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November kicks off with one of my favorite feasts of the liturgical year — the feast of All Saints Day. On November 1, we celebrate all of the saints in heaven, known and unknown. It’s a great opportunity for Catholics around the world to lean back with their favorite devotions, renew relationships with their favorite intercessors and discover new saints. As an avid reader, my favorite way to do this is to reach for biographies and autobiographies that will make the saints come alive.

The Best Compilations

If you aren’t sure where to begin, here are a few of my favorite books that contain short biographies about many different saints to help you.

The Saints in My Life by Father Benedict Groeschel
One of my favorite books on the topics of saints, Father Benedict Groeschel’s book The Saints in my Life is perfect for those looking to find their own patron saint or broaden their saint posse. If you’ve always struggled to understand the concept of the communion of saints on a personal level, let Father Benedict walk you through his process. In each chapter, he’ll introduce you to a new saint, share his first encounter with them and explain how their friendship shaped his life.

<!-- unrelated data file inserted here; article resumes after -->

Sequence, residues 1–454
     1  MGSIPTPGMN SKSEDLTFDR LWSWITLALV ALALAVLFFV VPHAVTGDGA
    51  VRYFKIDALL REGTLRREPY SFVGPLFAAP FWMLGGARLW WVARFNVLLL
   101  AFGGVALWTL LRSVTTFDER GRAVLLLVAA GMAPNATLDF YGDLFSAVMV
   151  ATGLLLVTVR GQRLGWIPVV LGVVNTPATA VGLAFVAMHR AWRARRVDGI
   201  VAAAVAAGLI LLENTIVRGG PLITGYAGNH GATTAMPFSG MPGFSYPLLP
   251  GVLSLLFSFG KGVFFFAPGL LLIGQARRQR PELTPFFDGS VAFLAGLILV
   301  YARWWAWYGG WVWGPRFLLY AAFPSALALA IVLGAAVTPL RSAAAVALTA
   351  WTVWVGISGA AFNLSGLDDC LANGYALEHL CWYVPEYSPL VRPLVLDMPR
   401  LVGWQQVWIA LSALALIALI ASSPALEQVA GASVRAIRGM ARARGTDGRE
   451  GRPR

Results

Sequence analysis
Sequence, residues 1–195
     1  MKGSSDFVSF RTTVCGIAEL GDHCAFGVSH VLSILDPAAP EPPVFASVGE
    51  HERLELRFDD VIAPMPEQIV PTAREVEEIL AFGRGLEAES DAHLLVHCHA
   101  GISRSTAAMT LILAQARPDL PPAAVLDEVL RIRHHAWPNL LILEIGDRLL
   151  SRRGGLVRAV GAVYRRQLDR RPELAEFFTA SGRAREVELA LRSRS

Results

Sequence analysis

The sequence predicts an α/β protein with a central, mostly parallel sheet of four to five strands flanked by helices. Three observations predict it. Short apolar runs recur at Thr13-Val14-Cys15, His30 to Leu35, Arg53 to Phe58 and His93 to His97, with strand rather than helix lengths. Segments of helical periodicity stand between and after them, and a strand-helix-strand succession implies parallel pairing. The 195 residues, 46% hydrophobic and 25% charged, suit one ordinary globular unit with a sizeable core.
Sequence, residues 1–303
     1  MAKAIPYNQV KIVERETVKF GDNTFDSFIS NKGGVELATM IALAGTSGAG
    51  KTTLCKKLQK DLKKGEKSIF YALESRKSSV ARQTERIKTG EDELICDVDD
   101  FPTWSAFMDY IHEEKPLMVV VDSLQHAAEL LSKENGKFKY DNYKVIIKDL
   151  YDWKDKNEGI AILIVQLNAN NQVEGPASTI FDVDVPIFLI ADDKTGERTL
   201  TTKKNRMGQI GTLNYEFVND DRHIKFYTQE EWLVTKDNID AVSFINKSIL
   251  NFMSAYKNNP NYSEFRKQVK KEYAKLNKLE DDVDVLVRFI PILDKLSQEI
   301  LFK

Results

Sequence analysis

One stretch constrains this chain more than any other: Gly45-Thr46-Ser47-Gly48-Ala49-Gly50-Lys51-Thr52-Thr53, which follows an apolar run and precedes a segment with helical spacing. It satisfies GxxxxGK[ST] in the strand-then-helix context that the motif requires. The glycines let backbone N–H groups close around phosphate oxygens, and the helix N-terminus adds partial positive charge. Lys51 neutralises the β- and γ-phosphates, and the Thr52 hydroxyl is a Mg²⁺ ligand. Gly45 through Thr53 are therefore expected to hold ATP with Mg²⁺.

My Sisters the Saints by Colleen Carroll Campbell
Part memoir, part saint biography, this gem of a book is a must for saintly reads. In beautiful prose, Campbell recounts her personal spiritual journey, struggles included, alongside the stories and lives of the six women who guided her — St. Teresa of Avila, St. Faustina Kowalska, St. Edith Stein, St. Therese, Mother Teresa, and Mary, the Mother of Jesus. Campbell’s writing will make these women come alive for you and help you deepen your own relationship with them as a result.

Married Saints and Blesseds Through the Centuries by Father Ferdinand Holbock
I first encountered this book in college on the shelf of two friends of mine and was shocked by it — I had never known that so many saints and blesseds were married! As a young woman who felt called to married life, this was encouraging information to have stumbled upon. Today, this book sits on my own shelf, a ready resource when I need intercession.